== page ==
Lifestyle

Year of the Rooster gets a rousing welcome

By ERICA HALL

The Mirror

The Asian and Pacific Islander communities celebrated the Lunar New Year at an annual all-day event at the Tacoma Dome last Saturday, hosted by the Asia Pacific Cultural Center.

The celebration showcased the Hawaiian and Pacific Islander cultures, with food and entertainment featuring the South Pacific.

Federal Way City Councilman Mike Park, who attended the event, said as many as 15 Asian ethnic groups were there, and he estimated there were thousands of people who came out to enjoy the festivities. The Lunar New Year is one of the biggest holidays on the calendar, he said.

The Asia Pacific Cultural Center, founded in 1996 and now located in downtown Tacoma, represents 47 cultures and countries. The non-profit organization has hosted the annual New Year celebration for seven years. In the past, the event has featured the cultures of Vietnam, Samoa, the Philippines, Korea and China. The annual New Year’s Celebration is free.

The new year, which begins today, heralds the Year of the Rooster and bids farewell to the Year of the Monkey. Those born under this year are “very hard-working and very energetic characters,” Park said. “They wake up very early.”

According to legend, Buddha summoned all the creatures to visit him before he left Earth. Only 12 came — rat, ox, tiger, rabbit, dragon, snake, horse, ram, monkey, rooster, dog and boar — to say goodbye, so he honored each with a year. The zodiac runs in 12-year cycles, and those born under a particular animal are said to have that animal’s characteristics.

New Year is one of the biggest holidays on the calendar, Park said, followed closely by Thanksgiving. It’s predominantly a holiday spent celebrating and appreciating family and ancestors and hoping for a healthy and prosperous new year.

“In Korea right now, people have almost a week holiday,” he said. “This is a big, big deal to the Asian community. For people away from home, this is the time to visit home, family and ancestors’ graves.”

In China, the lunar new year begins with the arrival of the second new moon after the winter solstice and lasts 15 days. As the day approaches, people clean their homes to ward off bad luck or evil spirits.

On New Year’s Day, Chinese families gather for a big dinner and stay up late with the belief it will prolong the life of the elder members of their families. They dress in their best clothes and exchange small gifts. Like cultures around the world, Chinese people set off firecrackers on New Year’s Day — in the Chinese culture, the bangs and whistles frighten off evil spirits.

The Vietnamese New Year usually falls between Jan. 21 and Feb. 19 and it, too, is preceded by several days of preparation. Sweet rice cakes are steamed and ancestral alters are cleaned and decorated. The night before the new year, the head of the family burns incense at the alter.

Cambodians also observe the lunar calendar, but they don’t celebrate the New Year until April 13-15. In preparation, they clean and decorate their homes. They play games during all three days of the holiday and eat traditional foods, like peanut curry, noodles and tree mushrooms. Men and boys wear black pants with white shirts and women and girls wear skirts and colorful robes.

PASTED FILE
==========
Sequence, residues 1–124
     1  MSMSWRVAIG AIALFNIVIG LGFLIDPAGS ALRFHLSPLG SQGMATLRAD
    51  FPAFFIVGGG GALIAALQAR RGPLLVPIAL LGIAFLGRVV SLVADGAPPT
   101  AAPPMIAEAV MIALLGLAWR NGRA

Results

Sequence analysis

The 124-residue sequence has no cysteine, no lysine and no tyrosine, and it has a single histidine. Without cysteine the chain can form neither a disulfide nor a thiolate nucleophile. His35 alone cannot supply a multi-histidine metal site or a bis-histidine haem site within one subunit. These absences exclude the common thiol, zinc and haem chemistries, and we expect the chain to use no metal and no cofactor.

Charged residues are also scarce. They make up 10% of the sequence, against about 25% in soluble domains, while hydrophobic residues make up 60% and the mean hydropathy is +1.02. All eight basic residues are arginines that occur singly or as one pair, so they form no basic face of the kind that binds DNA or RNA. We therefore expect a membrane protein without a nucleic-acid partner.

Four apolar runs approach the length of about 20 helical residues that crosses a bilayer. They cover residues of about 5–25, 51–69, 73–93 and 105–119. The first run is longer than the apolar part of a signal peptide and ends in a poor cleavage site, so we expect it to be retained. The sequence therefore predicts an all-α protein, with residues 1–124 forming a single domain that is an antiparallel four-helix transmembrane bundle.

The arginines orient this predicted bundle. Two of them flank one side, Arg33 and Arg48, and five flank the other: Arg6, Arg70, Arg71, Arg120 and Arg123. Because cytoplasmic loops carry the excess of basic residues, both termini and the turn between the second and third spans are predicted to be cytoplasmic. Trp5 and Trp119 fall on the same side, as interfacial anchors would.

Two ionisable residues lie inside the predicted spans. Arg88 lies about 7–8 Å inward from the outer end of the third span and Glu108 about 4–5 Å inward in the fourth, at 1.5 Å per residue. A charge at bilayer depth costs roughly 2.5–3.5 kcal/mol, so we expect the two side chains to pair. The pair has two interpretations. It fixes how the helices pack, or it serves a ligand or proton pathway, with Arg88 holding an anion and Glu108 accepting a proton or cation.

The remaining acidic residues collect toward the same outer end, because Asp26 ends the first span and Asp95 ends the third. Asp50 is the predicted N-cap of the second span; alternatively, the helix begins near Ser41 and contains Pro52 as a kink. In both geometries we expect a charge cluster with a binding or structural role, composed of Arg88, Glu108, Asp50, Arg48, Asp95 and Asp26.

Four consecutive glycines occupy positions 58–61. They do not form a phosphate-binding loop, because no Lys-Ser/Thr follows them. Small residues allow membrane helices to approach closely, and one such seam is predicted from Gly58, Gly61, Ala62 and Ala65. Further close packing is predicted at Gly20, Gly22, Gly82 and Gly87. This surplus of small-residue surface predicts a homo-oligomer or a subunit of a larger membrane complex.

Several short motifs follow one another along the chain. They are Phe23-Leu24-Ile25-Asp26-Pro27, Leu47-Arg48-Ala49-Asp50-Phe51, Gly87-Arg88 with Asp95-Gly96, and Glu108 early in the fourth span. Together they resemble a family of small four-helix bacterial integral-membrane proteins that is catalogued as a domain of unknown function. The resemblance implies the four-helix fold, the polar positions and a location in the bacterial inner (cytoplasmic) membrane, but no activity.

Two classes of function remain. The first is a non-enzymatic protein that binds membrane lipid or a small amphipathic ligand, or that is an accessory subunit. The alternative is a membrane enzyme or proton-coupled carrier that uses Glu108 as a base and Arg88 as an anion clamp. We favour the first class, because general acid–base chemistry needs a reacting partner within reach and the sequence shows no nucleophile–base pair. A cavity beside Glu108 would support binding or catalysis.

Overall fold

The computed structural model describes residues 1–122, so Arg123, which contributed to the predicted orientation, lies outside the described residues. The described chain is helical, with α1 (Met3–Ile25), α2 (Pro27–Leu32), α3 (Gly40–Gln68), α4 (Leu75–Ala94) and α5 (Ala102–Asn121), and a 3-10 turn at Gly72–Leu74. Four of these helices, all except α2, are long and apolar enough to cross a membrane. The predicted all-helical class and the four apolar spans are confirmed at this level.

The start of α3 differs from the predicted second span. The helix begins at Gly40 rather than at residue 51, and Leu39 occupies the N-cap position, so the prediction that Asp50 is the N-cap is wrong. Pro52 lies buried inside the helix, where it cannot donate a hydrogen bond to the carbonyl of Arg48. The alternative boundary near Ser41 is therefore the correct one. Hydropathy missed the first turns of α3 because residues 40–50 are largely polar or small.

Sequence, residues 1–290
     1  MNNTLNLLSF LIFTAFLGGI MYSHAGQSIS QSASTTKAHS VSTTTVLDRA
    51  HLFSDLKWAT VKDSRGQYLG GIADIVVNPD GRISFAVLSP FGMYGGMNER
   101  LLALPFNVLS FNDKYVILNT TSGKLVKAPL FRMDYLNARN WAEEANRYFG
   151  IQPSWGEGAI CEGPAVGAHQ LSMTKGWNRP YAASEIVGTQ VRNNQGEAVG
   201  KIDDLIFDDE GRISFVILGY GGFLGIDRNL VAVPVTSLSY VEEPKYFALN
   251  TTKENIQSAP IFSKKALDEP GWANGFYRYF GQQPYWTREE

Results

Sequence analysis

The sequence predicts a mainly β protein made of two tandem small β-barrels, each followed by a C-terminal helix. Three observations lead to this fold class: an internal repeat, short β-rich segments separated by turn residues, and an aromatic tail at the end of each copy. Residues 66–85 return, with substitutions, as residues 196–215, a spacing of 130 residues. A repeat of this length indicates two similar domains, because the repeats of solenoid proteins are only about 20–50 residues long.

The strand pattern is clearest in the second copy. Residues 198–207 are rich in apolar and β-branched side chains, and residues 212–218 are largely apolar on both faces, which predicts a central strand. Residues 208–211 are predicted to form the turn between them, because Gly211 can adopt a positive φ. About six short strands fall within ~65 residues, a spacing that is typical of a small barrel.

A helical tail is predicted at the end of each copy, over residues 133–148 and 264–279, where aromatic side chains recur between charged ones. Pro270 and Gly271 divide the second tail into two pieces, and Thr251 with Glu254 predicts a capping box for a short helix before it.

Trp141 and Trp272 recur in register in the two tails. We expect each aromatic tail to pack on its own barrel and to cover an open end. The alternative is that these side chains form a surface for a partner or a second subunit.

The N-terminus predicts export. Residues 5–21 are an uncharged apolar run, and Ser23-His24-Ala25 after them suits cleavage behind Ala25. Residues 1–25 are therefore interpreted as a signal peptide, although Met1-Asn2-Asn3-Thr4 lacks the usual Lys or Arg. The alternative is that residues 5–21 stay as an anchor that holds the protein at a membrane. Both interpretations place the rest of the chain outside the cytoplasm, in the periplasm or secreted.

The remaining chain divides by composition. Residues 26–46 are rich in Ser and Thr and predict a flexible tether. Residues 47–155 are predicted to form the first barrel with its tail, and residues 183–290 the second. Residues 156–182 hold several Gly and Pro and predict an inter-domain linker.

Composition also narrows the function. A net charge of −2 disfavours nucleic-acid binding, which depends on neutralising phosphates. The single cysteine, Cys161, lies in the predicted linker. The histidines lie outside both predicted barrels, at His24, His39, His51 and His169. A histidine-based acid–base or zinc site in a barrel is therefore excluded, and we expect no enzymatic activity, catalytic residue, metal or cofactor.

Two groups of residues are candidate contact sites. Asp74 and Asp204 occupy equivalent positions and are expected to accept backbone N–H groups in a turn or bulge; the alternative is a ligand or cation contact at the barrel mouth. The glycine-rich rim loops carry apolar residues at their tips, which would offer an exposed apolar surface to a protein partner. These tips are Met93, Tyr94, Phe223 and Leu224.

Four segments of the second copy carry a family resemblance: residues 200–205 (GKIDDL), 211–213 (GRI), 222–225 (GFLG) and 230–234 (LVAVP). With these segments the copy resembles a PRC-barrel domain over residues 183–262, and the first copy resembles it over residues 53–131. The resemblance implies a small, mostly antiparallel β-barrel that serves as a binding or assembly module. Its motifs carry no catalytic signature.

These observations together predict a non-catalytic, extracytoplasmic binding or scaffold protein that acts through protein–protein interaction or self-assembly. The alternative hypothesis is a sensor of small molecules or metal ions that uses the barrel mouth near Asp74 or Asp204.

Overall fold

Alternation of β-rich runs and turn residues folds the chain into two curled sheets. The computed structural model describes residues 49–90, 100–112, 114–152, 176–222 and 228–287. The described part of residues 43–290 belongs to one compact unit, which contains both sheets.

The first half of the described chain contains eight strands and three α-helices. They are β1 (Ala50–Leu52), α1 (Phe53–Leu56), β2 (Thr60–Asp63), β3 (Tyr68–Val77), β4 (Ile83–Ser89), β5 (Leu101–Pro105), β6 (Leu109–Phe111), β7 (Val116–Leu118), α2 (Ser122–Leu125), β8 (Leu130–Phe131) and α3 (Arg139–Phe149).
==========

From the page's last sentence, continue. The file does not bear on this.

The Thai New Year also is celebrated April 13-15. The first day marks the end of the old year and the third marks the beginning of the new year.

Like cultures around Asia, the Thai New Year is a time for families to gather and honor their elders and ancestors. Younger generations pour scented water onto the hands of their parents and grandparents and presenting them with gifts. In return, the elders wish the younger members of their families good luck and prosperity.

Japanese people celebrate the new year on Jan. 1, like Western cultures, but it’s the most important holiday of the year in Japan. In preparation, homes are cleaned and decorated with traditional items. On New Year’s Eve, people eat a dish of buckwheat noodles for longevity and watch popular New Year celebration shows on television. Bells are rung at temples and shrines at midnight.

People observe the beginning of the new year by watching the sun rise and most try to observe the day with joy and happiness — free of stress, anger or work — as the first day of the new year is representative of the year to come. People traditionally visit a shrine on New Year’s Day, and many eat traditional foods.

In Korea, too, there are special foods eaten during this time of year, including a rice cake soup that is believed to add a year to the imbiber’s life. People dress in new clothes the morning of New Year’s Day to symbolize new beginnings and gather at the home of the eldest male family member for a ceremony honoring their ancestors. Following the ceremony, the younger generation bows to elders in the family and wishes them good health and prosperity. Elders then give gifts or newly minted money.

Early this morning, Park’s relativesmet at his home for a special memorial service for their mother, father and ancestors.

“If you have treated past ancestors well, the next generation gets good fortune,” Park said. “If I treat my parents well, even though they’ve passed away, they can provide good fortune to children and grandchildren.”

Staff writer Erica Hall: 925-5565, ehall@fedwaymirror.com

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